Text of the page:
Volunteer Spotlight: Monica Marrocco

In the summer of 2017, Monica Marrocco, then a sophomore at the University of Florida, was asked by a friend what she wanted to do with her life. Like many young college students, Marrocco did not have a definite answer and replied, “I want to work with plants and people and do yoga.” Little did Marrocco know what seemed like a trivial response at the time would change her educational path. In reply, her friend informed her about Wilmot Gardens at the University of Florida and the therapeutic horticulture program. “I didn’t know that therapeutic horticulture was a thing,” said Marrocco, who subsequently emailed the director of the program, Leah Diehl, to learn how she could become involved.

Monica MarroccoBy November 2017, after completing the required training, Marrocco began to volunteer in the therapeutic horticulture program, working with the autism spectrum disorders group. Marrocco enjoys her time with this particular population and sees value in the program for participants and volunteers alike. “Having a specific place [for participants] to learn how to care for plants adds more skills to their toolbox so that they can better contribute to society,” said Marrocco. “The stigma is that these individuals are not capable of giving back, but with a program like this we are changing that mindset. All of the participants are extremely intelligent and it has changed my understanding of people with autism spectrum disorders. The participants truly teach me things that I don’t know about plants.”

Marrocco feels that volunteering in the sessions has improved her wellbeing. She has found camaraderie in the greenhouse with fellow volunteers and participants that share her passion for plants and nature. “Coming to the sessions as a volunteer has motivated me to stay on my own path of healing and recovery,” said Marrocco, who has been recovering from anorexia since high school. On her path to healing, during high school, she began growing sunflowers and found solace in the experience. “That experience starting changing everything for me. Everything I love to do slowly changed to be centered around being outdoors in nature with plants,” recalled Marrocco, who relates caring for plants to caring for her own human needs. Over the next two years, before relocating to Gainesville for college, her connection with nature began to sink in and become an integral part of her personal lifestyle and approach to healing.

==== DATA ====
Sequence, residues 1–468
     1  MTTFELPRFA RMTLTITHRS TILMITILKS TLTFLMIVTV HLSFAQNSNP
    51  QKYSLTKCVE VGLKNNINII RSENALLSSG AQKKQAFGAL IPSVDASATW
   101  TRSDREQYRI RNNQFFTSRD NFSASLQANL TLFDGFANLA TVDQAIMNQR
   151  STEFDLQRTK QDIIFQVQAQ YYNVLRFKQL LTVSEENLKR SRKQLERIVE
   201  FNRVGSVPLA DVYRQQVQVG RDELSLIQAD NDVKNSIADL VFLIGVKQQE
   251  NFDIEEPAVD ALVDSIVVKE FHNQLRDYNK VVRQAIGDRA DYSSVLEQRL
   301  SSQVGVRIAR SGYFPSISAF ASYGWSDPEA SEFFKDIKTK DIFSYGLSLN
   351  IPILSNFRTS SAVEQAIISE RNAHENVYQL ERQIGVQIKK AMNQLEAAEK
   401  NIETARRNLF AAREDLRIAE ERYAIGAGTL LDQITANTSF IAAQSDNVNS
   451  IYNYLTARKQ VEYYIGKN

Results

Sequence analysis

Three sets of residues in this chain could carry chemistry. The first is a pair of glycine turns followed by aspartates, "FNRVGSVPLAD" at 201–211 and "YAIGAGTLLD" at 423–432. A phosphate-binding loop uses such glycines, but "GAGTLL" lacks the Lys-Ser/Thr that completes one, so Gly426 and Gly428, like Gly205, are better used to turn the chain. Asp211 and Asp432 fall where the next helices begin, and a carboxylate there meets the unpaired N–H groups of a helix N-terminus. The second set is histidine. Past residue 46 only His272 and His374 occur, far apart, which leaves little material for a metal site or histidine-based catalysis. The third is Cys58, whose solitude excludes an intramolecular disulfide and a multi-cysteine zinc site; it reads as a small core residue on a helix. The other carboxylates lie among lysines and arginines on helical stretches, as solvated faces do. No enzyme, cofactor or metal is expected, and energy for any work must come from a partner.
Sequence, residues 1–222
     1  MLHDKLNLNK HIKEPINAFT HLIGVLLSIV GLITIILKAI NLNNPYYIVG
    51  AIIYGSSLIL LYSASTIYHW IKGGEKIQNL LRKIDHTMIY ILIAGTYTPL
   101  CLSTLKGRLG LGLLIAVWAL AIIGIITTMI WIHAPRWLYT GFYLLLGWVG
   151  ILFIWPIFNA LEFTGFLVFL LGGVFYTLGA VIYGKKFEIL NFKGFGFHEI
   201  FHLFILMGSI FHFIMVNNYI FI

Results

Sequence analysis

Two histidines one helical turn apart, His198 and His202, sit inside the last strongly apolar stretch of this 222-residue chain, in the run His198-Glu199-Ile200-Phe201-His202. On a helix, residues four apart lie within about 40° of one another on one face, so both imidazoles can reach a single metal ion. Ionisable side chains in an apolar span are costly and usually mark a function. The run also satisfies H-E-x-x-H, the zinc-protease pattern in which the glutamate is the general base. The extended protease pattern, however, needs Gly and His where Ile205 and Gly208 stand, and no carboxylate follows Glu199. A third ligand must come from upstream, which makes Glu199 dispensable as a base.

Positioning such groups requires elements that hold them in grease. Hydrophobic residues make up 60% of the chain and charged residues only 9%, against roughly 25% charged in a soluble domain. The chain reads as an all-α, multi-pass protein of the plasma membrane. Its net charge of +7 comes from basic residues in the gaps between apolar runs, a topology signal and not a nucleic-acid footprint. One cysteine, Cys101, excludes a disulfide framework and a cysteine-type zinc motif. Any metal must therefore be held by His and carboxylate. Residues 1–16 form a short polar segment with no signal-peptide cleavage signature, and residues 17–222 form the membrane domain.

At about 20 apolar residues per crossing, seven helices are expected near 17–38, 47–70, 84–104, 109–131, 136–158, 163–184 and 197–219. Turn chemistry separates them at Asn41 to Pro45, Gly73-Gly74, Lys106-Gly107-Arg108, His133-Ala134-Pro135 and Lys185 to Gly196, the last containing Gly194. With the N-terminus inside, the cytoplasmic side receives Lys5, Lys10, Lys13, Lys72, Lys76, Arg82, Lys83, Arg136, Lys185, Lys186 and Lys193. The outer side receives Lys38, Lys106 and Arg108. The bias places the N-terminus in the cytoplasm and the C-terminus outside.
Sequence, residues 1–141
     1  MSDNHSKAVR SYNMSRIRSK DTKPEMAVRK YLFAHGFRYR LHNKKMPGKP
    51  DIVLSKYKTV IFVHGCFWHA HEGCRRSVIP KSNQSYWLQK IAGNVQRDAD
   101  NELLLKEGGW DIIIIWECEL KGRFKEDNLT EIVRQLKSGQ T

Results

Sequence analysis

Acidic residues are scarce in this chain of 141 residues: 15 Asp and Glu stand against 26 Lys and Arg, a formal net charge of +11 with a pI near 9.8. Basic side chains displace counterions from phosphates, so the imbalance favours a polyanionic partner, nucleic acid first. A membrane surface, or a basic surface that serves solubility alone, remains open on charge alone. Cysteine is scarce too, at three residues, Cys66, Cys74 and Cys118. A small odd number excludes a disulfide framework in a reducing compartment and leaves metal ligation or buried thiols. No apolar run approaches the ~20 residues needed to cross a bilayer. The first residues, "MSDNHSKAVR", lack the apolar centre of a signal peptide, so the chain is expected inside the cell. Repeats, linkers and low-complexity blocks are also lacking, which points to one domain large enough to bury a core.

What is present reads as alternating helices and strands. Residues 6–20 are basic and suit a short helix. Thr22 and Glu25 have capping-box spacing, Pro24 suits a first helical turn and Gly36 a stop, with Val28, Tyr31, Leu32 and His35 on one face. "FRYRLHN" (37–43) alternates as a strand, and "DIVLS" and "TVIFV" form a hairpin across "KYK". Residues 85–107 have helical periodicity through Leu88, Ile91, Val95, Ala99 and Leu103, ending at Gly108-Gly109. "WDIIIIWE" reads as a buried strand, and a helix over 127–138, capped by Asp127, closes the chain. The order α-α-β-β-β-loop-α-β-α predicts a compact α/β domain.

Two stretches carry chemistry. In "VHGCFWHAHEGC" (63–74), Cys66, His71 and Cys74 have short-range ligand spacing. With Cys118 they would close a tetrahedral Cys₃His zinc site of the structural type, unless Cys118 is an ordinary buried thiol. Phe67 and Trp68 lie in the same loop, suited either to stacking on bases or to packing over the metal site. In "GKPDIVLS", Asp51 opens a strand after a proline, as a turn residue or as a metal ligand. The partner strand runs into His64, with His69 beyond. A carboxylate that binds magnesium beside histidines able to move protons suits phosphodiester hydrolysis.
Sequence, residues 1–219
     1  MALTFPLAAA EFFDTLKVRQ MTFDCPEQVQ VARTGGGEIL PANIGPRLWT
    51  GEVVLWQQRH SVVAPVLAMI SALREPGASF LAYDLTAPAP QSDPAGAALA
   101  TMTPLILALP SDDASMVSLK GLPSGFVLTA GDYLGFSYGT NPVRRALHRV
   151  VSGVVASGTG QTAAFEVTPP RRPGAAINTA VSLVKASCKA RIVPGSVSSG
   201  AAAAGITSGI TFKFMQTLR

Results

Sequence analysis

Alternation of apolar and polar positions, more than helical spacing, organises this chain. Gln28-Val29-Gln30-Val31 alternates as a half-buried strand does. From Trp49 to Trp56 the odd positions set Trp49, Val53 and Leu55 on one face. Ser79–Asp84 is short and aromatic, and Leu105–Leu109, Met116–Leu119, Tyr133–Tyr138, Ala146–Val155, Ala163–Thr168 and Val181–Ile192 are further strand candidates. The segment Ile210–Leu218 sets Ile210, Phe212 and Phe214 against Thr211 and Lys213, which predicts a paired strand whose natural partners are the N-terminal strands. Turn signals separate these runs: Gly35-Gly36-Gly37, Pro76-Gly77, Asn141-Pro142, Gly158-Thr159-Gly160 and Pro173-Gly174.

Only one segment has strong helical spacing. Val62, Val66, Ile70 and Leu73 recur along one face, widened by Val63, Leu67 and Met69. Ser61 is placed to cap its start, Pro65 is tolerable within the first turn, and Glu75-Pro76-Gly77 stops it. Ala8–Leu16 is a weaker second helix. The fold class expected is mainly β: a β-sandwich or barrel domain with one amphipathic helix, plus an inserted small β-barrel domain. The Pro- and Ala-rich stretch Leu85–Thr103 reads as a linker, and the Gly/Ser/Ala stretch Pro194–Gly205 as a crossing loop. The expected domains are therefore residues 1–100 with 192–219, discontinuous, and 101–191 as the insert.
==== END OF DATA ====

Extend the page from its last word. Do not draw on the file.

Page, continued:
Marrocco began her studies at UF in 2016 pursuing a degree in biology and pre-med with the hopes of one day becoming a doctor. After completing two semesters she realized, “The only part that I liked about biology was the plants.” Her desire to be a doctor stemmed from wanting to help people, especially in the realm of mental health, resulting from her own personal experiences with anorexia. Her involvement in the therapeutic horticulture program and passion for plants influenced Marrocco to tailor her field of study in hopes of pursuing horticultural therapy as a profession. “I’m so glad this place exists because my life has changed drastically for the better because of it,” she said. Because UF does not presently offer educational courses in horticultural therapy, Marrocco began to form her own approach to best position herself to pursue the certification requirements after graduation. She is presently an incoming junior majoring in psychology with a minor in environmental horticulture.

                “Monica is a wonderful part of our team. She is warm, friendly, and flexible. Our participants are always happy to see her and so am I,” said Diehl of her time spent with Marrocco.

After volunteering for two semesters, Marrocco recognizes value in the therapeutic horticulture program. “Wilmot Gardens has a quiet but powerful impact,” she said. She is hopeful that the program will expand in the future to reach more people in the community. “I would love to see more groups, such as an eating disorder group for young adults attending UF, with a focus on edible plants to show people that if you can grow it [food] with your own hands then it really isn’t that scary.” During her remaining time at UF, Marrocco is looking forward to the opportunity to work with all the various populations served in the therapeutic horticulture program. “I enjoy making participants light up through interactions, friendships, and plants,” she said.


Bailey Hillman, Business Manager, Wilmot Gardens